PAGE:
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Manifesto for Adult Learning. in the 21st Century

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Manifesto for Adult Learning in the 21st Century The Power and Joy of Learning Challenges and answers The European Association for the Education of Adults (EAEA) proposes, with this manifesto, to create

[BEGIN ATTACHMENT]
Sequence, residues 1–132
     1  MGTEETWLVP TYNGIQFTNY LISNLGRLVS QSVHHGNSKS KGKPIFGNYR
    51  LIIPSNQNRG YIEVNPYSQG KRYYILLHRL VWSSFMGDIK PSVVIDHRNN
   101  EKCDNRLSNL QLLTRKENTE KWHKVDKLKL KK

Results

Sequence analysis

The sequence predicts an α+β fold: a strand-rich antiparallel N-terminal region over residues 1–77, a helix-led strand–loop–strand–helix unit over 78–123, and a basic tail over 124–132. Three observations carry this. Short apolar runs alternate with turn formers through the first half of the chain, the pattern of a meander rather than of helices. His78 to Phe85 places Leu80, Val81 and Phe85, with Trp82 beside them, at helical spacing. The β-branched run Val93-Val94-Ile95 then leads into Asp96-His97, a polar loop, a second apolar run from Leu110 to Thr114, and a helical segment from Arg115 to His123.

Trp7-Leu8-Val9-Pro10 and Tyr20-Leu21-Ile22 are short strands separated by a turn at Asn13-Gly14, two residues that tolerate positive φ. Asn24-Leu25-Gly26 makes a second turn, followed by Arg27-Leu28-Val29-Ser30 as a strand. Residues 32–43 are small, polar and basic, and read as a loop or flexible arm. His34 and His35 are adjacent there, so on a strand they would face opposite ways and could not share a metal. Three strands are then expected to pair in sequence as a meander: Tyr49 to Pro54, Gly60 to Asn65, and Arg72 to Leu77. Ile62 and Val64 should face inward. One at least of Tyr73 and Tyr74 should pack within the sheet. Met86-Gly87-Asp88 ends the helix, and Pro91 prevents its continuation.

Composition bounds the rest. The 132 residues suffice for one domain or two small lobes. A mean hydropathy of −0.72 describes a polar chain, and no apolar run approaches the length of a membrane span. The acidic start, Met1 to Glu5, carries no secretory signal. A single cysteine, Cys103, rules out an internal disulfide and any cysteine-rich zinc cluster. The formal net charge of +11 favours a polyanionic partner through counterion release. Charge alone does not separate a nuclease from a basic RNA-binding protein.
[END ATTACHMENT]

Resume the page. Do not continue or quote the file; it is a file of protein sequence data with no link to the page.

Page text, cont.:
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Manifesto for Adult Learning in the 21st Century The Power and Joy of Learning Challenges and answers The European Association for the Education of Adults (EAEA) proposes, with this manifesto, to create a Learning Europe: a Europe that is able to tackle the future positively and with all necessary skills, knowledge and competences. We propose a European-wide effort to go one step up, to develop a knowledge society that is capable to deal with the challenges of our time. This demands sustainable investments now on the European, national, regional and local levels in adult education. This will pay off in the long-term from many perspectives: for competitiveness, well-being, healthy populations, growth and more. Adult education can help change lives and transform societies it is a human right and common good. Currently, the main European policy strategy is the European Agenda for adult learning, which is being implemented by national coordinators at the Member State level. EAEA believes that the Agenda needs to be strengthened but also that additional efforts are needed. This manifesto will outline how much adult education can contribute to a number of European policies. However, in order to do so, solid public investments in adult education organisations and learners need to be made. Many decision-makers, businesses and citizens are not aware of the extent to which adult education can help deal with societal, economic and individual challenges. This is why EAEA proposes a European Year for Adult Learning, which would raise awareness of adult education across Europe. The theme of the year would be The Power and Joy of Learning. We want to underline the transformative possibilities of adult education on the one hand and, on the other hand, the positive experience of learning. Many people are wary of learning because of their bad school experience, others feel that training might be another pressure they have to suffer from for their success in life. EAEA wants to underline the positive side, also because we know that this is the best way to attract those furthest away from learning. Adult education is a key tool for tackling some of the main challenges in Europe today. Europe faces growing inequalities, not only between people but also between regions and countries within Europe. More and more European citizens seem to question European values by voting for xenophobic and anti-european parties, while small groups of young men become so far radicalised that they commit acts of terror. In many regions and countries, unemployment (especially of young people) is very high. Growing digitalisation reinforces this situation but also demands new skills and competences of employees, citizens and consumers. Migration and demographic change see shifting populations in Europe people get older and therefore want to be active and healthy for longer, but we also need more migrants, which is in delicate balance or contrast with unemployment rates and growing xenophobia. More recently, Europe has faced an influx of refugees, which poses huge challenges to European governments. This has led to a wave of support from European citizens on the one hand but to abuse and hatred by others on the other hand. Climate change and other environmental challenges continue to pose threats to (not only) Europe s future and necessitate more sustainable economies, societies and lifestyles. Adult education holds the positive answer to many of these issues. It can benefit the individual but also societies and economies. Do we want an innovative, more equal, sustainable Europe in which the citizens participate democratically and actively, where people have the skills and knowledge to live and work healthily and productively and take part in cultural and civic activities from a very young to a very old age? In this publication, EAEA will present arguments, studies, examples and learners stories that will illustrate our position. Active citizenship, democracy & participation The EAEA and its members stand for a strong commitment to Europe and European values. We believe that intercultural exchange and cooperation are key to a Europe of respect, participation and cohesion. Many adult education organisations were established as the result of emancipatory movements (workers, women, or religious organisations, etc.), and adult education still provides the knowledge and know-how as well as the space to develop democracy and citizen- ship. Additionally, adult education can strengthen and regenerate civil society. Increasing radicalisation in Europe has shown that democratic attitudes, tolerance and respect need to be reinforced. Intercultural and interreligious dialogue can play a big role in this. But adult education can also bring more democracy and participation to the national and regional levels, and enable transparency and the development of a lively civil society as well as contribute to critical thinking and empowerment. The PIAAC study 1 has shown a clear correlation between trust and political efficacy with skills levels. The lower one s basic skills, the lower one s trust is in institutions and the lower one s belief is in one s ability to have an impact. People who participate in adult education also volunteer more often. 1 surveyofadultskills.htm The Swedish Muslim study association Ibn Rushd ran a peace project: Att främja islamisk fredskultur (The promotion of Islamic Peace Culture) Young Muslims across the country were to be Peace Agents. They have been given the knowledge and tools needed to work with peace issues, anti-violence and human rights. The long term aim is to combat Islamophobia fear and animosity towards Islam, mainly by people in the West and Westphobia fear and animosity towards the West, mainly by Muslims. The foundation for a Muslim peace movement, Svenska muslimer för fred och rättvisa (Swedish Muslims for Peace and Justice) has been laid. Research proof The Citizens First project in Romania has made a sustainable, nation-wide difference in small communities, in particular in the rural area. The project implements active citizenship to give people the voice to decide what is a priority for their community, and provides them with the tools to create solutions they themselves can implement. Together they identify communal problems, vote on issues that will be addressed first, and collaboratively develop action plans. The Citizens First project went beyond the sheer implementation of the action plans. It produced a mindset shift from perceiving the public authorities as decision-makers to relating to them as partners for development. The question becomes: what is to be done and what can we do ourselves for us and for our community? Regarding societal cohesion, the main contributions of education are greater trust, more civic co-operation and lower levels of violent crime. Additionally, the individual engagement in education is a predictor of engagement in public life because the more students are engaged in their education, the more willing they are, on average, to play a positive role in public life (p. 20). Adult education leads moreover to an increase in racial tolerance and a greater likelihood of voting. Preston (2004) analyzed the impact of adult education on participants civic lives and on the formation of values, particularly tolerance. He found that learning can have an impact on informal and formal civic participation. Concerning informal civic participation, it has helped individuals to build, maintain, dismantle, reconstruct and enrich their social networks. Additionally, the formation of values can be influenced by learning. For example changes in tolerance, understanding and respect were reported by respondents. Civic and social engagement (CSE) as learning outcome has been analyzed by the OECD (2007). Read more: Life skills for individuals Adult education can provide a number of skills and learning experiences that have a number of benefits and purposes: from basic skills to language learning, from leisure courses to vocational training, from family learning to health provision, adult education can provide a number of ways that will support individuals throughout their careers and lives. But it is not only the direct learning outcomes that are important for people: research shows that participating in non-formal adult education has a number of benefits. Adult education can transform lives and provides new opportunities. It can offer new job opportunities, open the pathway to formal learning, help school dropouts return to education, help parents in their tasks, activate people s artistic and cultural passions and lead to healthier lifestyles. Mel from the UK had been agoraphobic for thirteen years when, in September 2007, she plucked up the courage and enrolled on a literacy class. Despite extreme nerves, she started the class, finding it got easier each week. Mel enjoyed the course with Hull Adult Education, passing entry level 3 and levels 1 and 2 in Literacy. She completed her next goal, too, and passed Numeracy level 1. Research proof The data show that adult learners experience numerous benefits from liberal adult education. They feel healthier and seem to lead healthier lifestyles; they build new social networks and experience improved well-being. Moreover, adults who participate in liberal adult education appear to feel more motivated to engage in lifelong learning and view it as an opportunity to improve their lives. These benefits were reported by learners across all course areas, ranging from languages and the arts to sport and civic education. [ ] People with a low level of education benefit particularly from adult education (ISCED 1: 32% and ISCED 2: 22 %) Mel wanted to help others so she completed in-house volunteer training and started to volunteer in a class for adults with learning difficulties and disabilities. Wishing to become a tutor, Mel passed NVQ level 1 in Learning Support and progressed to the Preparing to Teach in the Lifelong Learning Sector course, which she hopes to complete soon. Now having the confidence, Mel enjoys days out with her family, has lost six stone in weight and volunteers at Dove House Charity Shop as well as continuing to learn. There is no stopping me now. I have gone from nothing to gaining a new life all because I returned to learning, smiles Mel. Read more: Read more: Social cohesion, equity & equality Educational levels have a huge impact on people s opportunities in life. This ranges from the kind of jobs they can attain to life expectancy. The positive effects of education tend to be reproduced by the fact that those with higher educational levels tend to continue to learn and be given more opportunities to continue learning than those with lower levels. Adult education can compensate a lack of education in earlier life and enables social mobility. From basic skills training to second chance schools and language learning for migrants, adult education provides many opportunities to improve individuals lives but also to equalise societies on a larger scale and to create fairer societies as well as more economic growth. Outreach to groups that are not participating in learning is necessary in order to achieve more social inclusion. With the right methodologies, people will be able to participate more: in society, democracy, economy, arts and culture. At adult school La Verneda - Sant Martí, welcoming people who come to the school for the first time is considered an important task that must be done individually. Time is taken for each person who comes to the school. Participants from previous years play a crucial role in the reception, registration and assignment of groups as they have the communication skills and an understanding of what it is like to come for the first time. The decision, which level a new participant is assigned to, is based on dialogue and consensus. Attention is paid to the fact that each person understands the process he or she is in and is placed in the group and level where they will learn the most. Staff and volunteers are careful to avoid the feeling of being tested. In Sweden Study motivating folk high courses encouraging young job-seekers to continue their studies has seen very good results. After the course, some 40 % of participants continued to either more studies or work, and over two-thirds feel motivated to study and believe that education is a route into work. Special folk high school courses for immigrants to support their settling in Swedish society and study circles for refugees who are seeking asylum are taking place all over Sweden. These successful special efforts are made possible because they are based on existing competences and organisations within a national structure of adult learning, state funded on a regular basis. A sustainable model for adult learning which is also flexible to meet new needs and challenges in society. Employment & digitalisation Migration & demographic change The positive link between employment and learning is obvious: Learning workers and employees are important for innovation, productivity, competitiveness and entrepreneurship. Workplace learning is one of the key drivers for adults participation in lifelong learning, and cooperation with all main stakeholders, especially the social partners, is essential. While EAEA agrees with the importance of up- and reskilling, we would like to underline that all learning is good for employment. EAEA promotes an approach to learning that supports key and transversal skills. A purely technical approach is in danger of teaching a limited set of skills which might become obsolete soon. If you include learning to learn, innovation and entrepreneurship Research proof together with a more in-depth interest in the field in the learning experience and outcomes, one can create lifelong learners who will be able to combine in-, non- and formal learning to stay up-to-date. Forecasts clearly demonstrate that Europe will need more knowledge and fewer low-skilled workers in the future. The best example is the development of digitalisation. We are at the cusp of enormous changes from e-governments to online shopping to automatisation and all the changes that the internet will bring. This means that we need to close the digital gap and make sure that everyone is comfortable using computers, tablets or smartphones but also all other related tools. We can also assume that many jobs are and will be disappearing and new ones will be created. Europe will need knowledge workers that can adapt quickly to these changes, and learning is the key for this capacity. Many governmental services and tools for civic participation are now available online. Digital skills ensure digital inclusion and participation. Additionally, the service industries will also see radical changes, which will also mean a reduction in human contact. The same is true for e-learning, which offers many possibilities but which also reduces the social aspect which is important for many learners. Adult education can provide the necessary meeting spaces that are part of the well-being, mental health, solidarity and social cohesion that Europe needs. The BeLL study shows that participation in liberal adult education generates multiple benefits for individuals. These benefits are likely to have also an impact on their immediate social groups like family, work place and other social networks, and therefore liberal adult education generates benefits for society as well. Out of the 8646 respondents, % have experienced positive changes in learning motivation, social interaction, general well-being and life satisfaction. Less frequently experienced changes relate to work and career and to active citizenship, but even here % have experienced some positive changes. Read more: p. 122 Adult education can play a vital role in the current refugee situation in Europe. Through civic education and intercultural learning a mind-set of active citizenship and hospitality can help create an integration-friendly culture amongst the Member States. In providing language and basic skills training for migrants from inside and outside of Europe, the migrants will be enabled to become active citizens in their new home countries. The implementation of cultural dialogue can foster an exchange between the indigenous and new citizens of the Member States, both helping migrants to understand the cultures and social contracts of their new home countries and giving the host citizens the chance to adopt new habits and develop their countries into future-oriented democracies. In the long-term, Europe will need these and more migrants in order to cope with the demographic changes that have already started taking place. On the side of demographic changes, active aging will only be guaranteed if learning in later life is provided for. Research shows that learning seniors are more active, volunteer more, work longer and are healthier. Learning seniors are therefore a solution for the demographic crisis and increase their beneficial effect on European democracies. Furthermore, intergenerational learning enables both older and more experienced people and the young to profit from each other s knowledge; and on the other hand the joint measures will strengthen intergenerational solidarity within the European societies and therefore foster the democratic dialogue which is needed in times of crisis. Fatima arrived in Ireland in November 2013 with her mother and two brothers. She lived in Dublin for three months and then moved to Tullamore with her family. Fatima is a refugee and she is originally from Afghanistan. She travelled through Iran and then onto Syria where she lived for three years. She was supported by the Department of Justice with language classes when she arrived in Ireland. She found the classes too segregated and wanted to integrate with Irish people. She was then told about a VTOS option and has just finished her first year. The VTOS course is a two-year course and although students typically take Junior Cert in year one and Leaving Cert in year two, Fatima felt that she was capable of sitting two Leaving Cert subjects this year and was supported by the Tullamore Further Education Centre to take Physics and Chemistry. She also availed of facilities in Athlone IT for her practical work. Fatima is very ambitious and has excellent English, she feels that she has been greatly supported by the Laois and Offaly ETB and she has high hopes for her future. Sustainability Sustainability in all areas is becoming a real challenge for Europe from environmentally friendly consumption and transport to energy efficiency European citizens need a lot of information on the one hand and innovative spaces on the other hand to develop new lifestyles, new projects, new approaches. Adult education can help provide the information, the debate spaces and the creativity. Adult education is a driver in the interconnections of the three dimensions of sustainable development (economic social and environmental) and can contribute to the UN s 2030 Agenda. There is a real need for education for sustainable development, and especially non-formal education has a very high impact. Adult education can make a huge contribution to both the Lisbon agenda for sustainable, smart and inclusive growth as well as Juncker s agenda. Adult education can boost jobs and growth and the digital single market. By supporting sustainability, adult education can contribute to the energy union and a forward looking climate change policy. Adult education can strengthen the single market, for example by providing the skills for the free movement of workers as well as shore up European values and trust. Research proof Adult education has a central role for sustainable development. The pilot course [ ] leans on the Nordic tradition of civic formation folkeopplysning. [ ] The target groups that the st